The Basics of Digital Photography By Dana Reese. Poll #1 A poll will be displayed on your screen....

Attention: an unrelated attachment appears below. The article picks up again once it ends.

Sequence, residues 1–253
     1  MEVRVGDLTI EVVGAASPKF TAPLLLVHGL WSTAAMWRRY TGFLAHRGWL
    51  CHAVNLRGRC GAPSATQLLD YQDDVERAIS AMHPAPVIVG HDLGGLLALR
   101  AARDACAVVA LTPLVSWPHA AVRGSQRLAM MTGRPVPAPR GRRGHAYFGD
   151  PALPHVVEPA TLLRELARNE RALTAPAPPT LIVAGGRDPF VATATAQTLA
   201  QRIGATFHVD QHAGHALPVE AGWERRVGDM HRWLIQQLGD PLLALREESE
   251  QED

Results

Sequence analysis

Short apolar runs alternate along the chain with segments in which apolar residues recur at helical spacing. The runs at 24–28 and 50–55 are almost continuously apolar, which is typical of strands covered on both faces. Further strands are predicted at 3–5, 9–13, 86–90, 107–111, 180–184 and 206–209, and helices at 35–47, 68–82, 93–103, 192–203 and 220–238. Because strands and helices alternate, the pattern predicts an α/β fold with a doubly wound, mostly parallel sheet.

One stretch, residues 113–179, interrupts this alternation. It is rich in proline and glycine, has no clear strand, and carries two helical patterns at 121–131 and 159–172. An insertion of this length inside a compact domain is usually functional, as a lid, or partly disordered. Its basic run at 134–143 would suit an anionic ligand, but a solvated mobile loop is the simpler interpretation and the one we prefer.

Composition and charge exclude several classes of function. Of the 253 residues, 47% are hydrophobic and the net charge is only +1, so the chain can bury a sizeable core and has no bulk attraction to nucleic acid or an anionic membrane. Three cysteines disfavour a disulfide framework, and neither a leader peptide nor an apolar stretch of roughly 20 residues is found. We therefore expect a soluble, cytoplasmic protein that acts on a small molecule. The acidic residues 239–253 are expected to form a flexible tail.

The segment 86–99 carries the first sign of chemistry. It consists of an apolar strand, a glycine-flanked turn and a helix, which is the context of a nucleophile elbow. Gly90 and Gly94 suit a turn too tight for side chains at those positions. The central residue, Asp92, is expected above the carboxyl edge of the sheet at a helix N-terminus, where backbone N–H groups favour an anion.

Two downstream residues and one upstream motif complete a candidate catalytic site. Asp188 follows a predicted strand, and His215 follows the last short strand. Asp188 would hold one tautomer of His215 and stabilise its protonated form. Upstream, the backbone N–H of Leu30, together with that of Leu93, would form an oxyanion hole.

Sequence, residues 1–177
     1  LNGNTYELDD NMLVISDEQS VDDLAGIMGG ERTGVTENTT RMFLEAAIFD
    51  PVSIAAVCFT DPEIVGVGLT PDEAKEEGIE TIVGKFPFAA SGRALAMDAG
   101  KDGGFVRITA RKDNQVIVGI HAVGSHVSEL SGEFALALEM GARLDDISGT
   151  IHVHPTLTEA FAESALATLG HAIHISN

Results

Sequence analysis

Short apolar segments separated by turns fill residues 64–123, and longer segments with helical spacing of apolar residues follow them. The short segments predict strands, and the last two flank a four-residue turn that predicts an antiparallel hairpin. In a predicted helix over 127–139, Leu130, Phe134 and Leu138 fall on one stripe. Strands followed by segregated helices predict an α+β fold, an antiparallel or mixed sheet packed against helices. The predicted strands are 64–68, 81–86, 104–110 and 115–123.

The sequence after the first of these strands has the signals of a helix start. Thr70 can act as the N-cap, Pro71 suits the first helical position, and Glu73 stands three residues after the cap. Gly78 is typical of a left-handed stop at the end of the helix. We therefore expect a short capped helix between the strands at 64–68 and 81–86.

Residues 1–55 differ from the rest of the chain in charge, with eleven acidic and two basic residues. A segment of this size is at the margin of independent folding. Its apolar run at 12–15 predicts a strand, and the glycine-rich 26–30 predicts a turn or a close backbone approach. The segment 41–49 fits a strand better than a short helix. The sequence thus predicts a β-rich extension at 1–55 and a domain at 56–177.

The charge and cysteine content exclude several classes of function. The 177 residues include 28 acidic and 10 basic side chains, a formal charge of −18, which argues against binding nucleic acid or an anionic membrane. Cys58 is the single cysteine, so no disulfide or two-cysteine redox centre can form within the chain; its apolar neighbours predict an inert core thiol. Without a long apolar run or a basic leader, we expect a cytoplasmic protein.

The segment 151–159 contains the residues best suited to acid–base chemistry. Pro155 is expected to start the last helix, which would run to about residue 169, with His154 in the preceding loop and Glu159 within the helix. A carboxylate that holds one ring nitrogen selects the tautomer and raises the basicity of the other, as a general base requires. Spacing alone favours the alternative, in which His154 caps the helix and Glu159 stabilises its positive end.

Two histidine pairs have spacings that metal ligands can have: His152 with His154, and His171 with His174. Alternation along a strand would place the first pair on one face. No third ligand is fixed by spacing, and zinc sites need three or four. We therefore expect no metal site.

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The Basics of Digital Photography By Dana Reese Slide 2 Poll #1 A poll will be displayed on your screen. Please select the appropriate responses You have 15 seconds Slide 3 Do I Need Photographs of my Product? The answer is YES! Absolute necessity to have digital photographs to market your product Brochures Web page Email Press release Juried shows Spotlight a new product Made In Alaska website Slide 4 Poll #2 A poll will be displayed on your screen. Please select the appropriate responses You have 15 seconds Slide 5 Advantages of Digital Cameras Save time Save money Memory cards hold large amounts of photos Easy to use programs for downloading photos Easy to use Slide 6 Advantages of Digital Images More creative control Use computer and photo-editing software to touch up and enhance pictures Instant, easy, photo sharing E-mail Website Photo gallery Slide 7 Digital Camera Terms Resolution Image Quality File Formats Media Storage Devices OPTICAL vs. DIGITAL ZOOM Exposure Slide 8 Resolution Digital Pictures are made up of thousands of pixels Pixels square tiles of color that make up all digital images. 1 Megapixel (MP) = 1 Million Pixels More Pixels = Better Image Detail and Quality More Pixels = Higher Camera Price Most digital cameras allow you to change the resolution setting Slide 9 Selecting the Image Quality Good, Better, and Best These settings reflect the compression levels of photos Compression refers to the amount of image your camera collects when taking a photo Lower Compression = Large File Size High Compression = Small File Size Slide 10 Selecting the Image Quality Best Excellent Picture Quality, Large File Sizes, and Prints (11x17) Better Acceptable Picture Quality, Medium File Sizes, Prints 8x10 and Smaller Good Lowest Acceptable Quality, Good for Online Usage, Prints 5x7 and 4x6 Slide 11 To maximize both the resolution and clarity of your photos, set your camera on its highest resolution and Best Image quality setting Slide 12 File Formats JPEG Joint Photographic Experts Group Most Common Format Low Quality - Compressed File Ideal for Web and Email TIFF Tagged Image File Format High Quality Uncompressed File Capable of Editing Intended for Printing RAW Digital Negatives Not directly usable as an image, but has all of the information needed to create an image Slide 13 Media Storage Device Memory Stick CD DVD Measured in Megabytes (MB) & Gigabytes (GB) Hard Disks Slide 14 Memory Cards Size does matter Take as many pictures as needed; delete bad pictures, keep the good ones Limited Storage Higher resolution photos Takes up more storage space Lower resolution photos Takes up less storage space Slide 15 Memory Cards Capacity# of Photos (jpeg format) 128 MB98 256 MB196 512 MB392 1 GB784 2 GB1,568 4 GB3, 136 8 GB6, 272 Slide 16 Digital Zoom vs. Optical Zoom Most Cameras come with both Optical Zoom The lens changes focal length and magnification as it is zoomed. Image quality is high throughout the zoom range. Digital Zoom simply crops the image to a smaller size, then enlarges the cropped portion to fill the frame again zoom results in a significant loss of quality Slide 17 Exposure Image affected by shutter speed, aperture, and ISO (sensitivity to light) Programmed auto exposure Camera selects proper aperture and shutter speed Very Convenient Slide 18 Built-in Flash Very Convenient Low Power Limited Range 10-20 ft range Prone to Red-eye Slide 19 Flash Heads External Flash More Power Good Range Up to 100 Ability to Bounce Light Eliminates Red-eye More Features and Flexibility Hot Shoe Slide 20 Tips for getting the most from on-camera flash Stay within the Flash Range Turn on Additional Lights Avoid Reflective Surfaces Slide 21 Taking Great Digital Photos Know your camera Diffuser Close Up Stabilize Angles Lighting Slide 22 A picture is worth a thousand words. This quote goes a long way but not if you take a terrible photo Know your camera Learning just a few of your digital camera features can help in achieving powerful and meaningful photos Read your cameras manual! Read about the various features and play around with them Slide 23 Light Diffuser White-translucent fabric that is setup between a light source and subject softens Light Diffusing the light source allows for greater detail to be revealed Eliminates dark shadows and bright spots caused by direct light Slide 24 Light Diffuser Captured without diffuserCaptured with diffuser Slide 25 Close Up Zoom In Always get as close as possible to subject Removes background clutter Zoom in Beware: some auto focus cameras have limits on how close they will work Fill picture with the subject For small objects, use the cameras Macro Mode and a Tripod Slide 26 Take Vertical Pictures Many subjects look better in a vertical picture Make a conscious effort to turn your camera and take vertical pictures Wasted Space Slide 27 Use Auto Focus Center the subject Press Shutter Button halfway down Re-Frame your picture Finish by Pressing the Shutter Button all the way down Slide 28 Stabilize Tripods Use for sharp images Eliminates shake Get a stiff tripod Great for close ups Slide 29 Use a Plain Background A cluttered background is distracting Plain background will emphasize your subject Experiment with different color backgrounds Use sheets, towel, etc. Slide 30 Control Your Flash Turn it off experiment with available light Know your flash range Pictures taken beyond the maximum flash range will be to dark Check your manual Slide 31 Light Great light makes great pictures Study the effects of light in your pictures Avoid strong over head lights that cast hard shadows Use a diffuser between light source and subject Diffuser spreads light over larger area of subject Use natural light to your advantage Slide 32 Light Manipulate the scene to create the effect you want Move lights Move the subject Purchase additional light Professional Photo Studio Light Kit 3 Head lighting set, stand and light bulbs ($149.00) Wireless Flash ($360.00) ours ($50.00 Cheapest) Slide 33 Angles Try different Angles Move the subject Shoot your photo from different angles Slide 34 Verify details in the display screen For close-ups with a digital camera, use the display screen to compose the picture and then review it If you think it could be better, you can delete the picture and retake it Slide 35 Editing and Enhancing Digital Photos With picture-editing software, you can enhance your pictures Recommend Photoshop Element (less than $100 @ Costco) Photoshop Element Resize Rotate Crop Adjust Lighting Adjust Contrast Work with Tiff files Slide 36 Create Your Own Studio A simple setup outside or inside by a window is all you need Create a plain background by draping a bath towel or solid-color sheet over something, or tacking it to the wall Smooth out any distracting folds Cheaper Slide 37 Purchase Portable Lighting Studio Sunpak EBOX Portable Mini Studio Less than $80.00 Everything need to take professional studio-quality images Two 50 watt floor-standing lights Mini aluminum tripod with 3-way panhead Includes carrying case Slide 38 Practice, Practice, Practice Experiment with lighting Experiment with different color backgrounds Experiment with different angles Have fun Read your manual Research online Take lots of pictures Create your own studio Slide 39 Resources The Complete Guide to Digital Photography Michael Freeman Digital Photography Bible Desktop Edition Dan Simon The Joy of Digital Photography Jeff Wignall The Complete Guide to Light and Lighting in Digital Photography Michael Freeman Digital Photography for Dummies Julie Adair King Slide 40 Questions? Slide 41 Made In Alaska Website Made In Alaska Permit Holders have the opportunity to display one photo on the Made In Alaska website, along with your business information. We Need Your Photos! Please email your photo to firstname.lastname@example.org email@example.com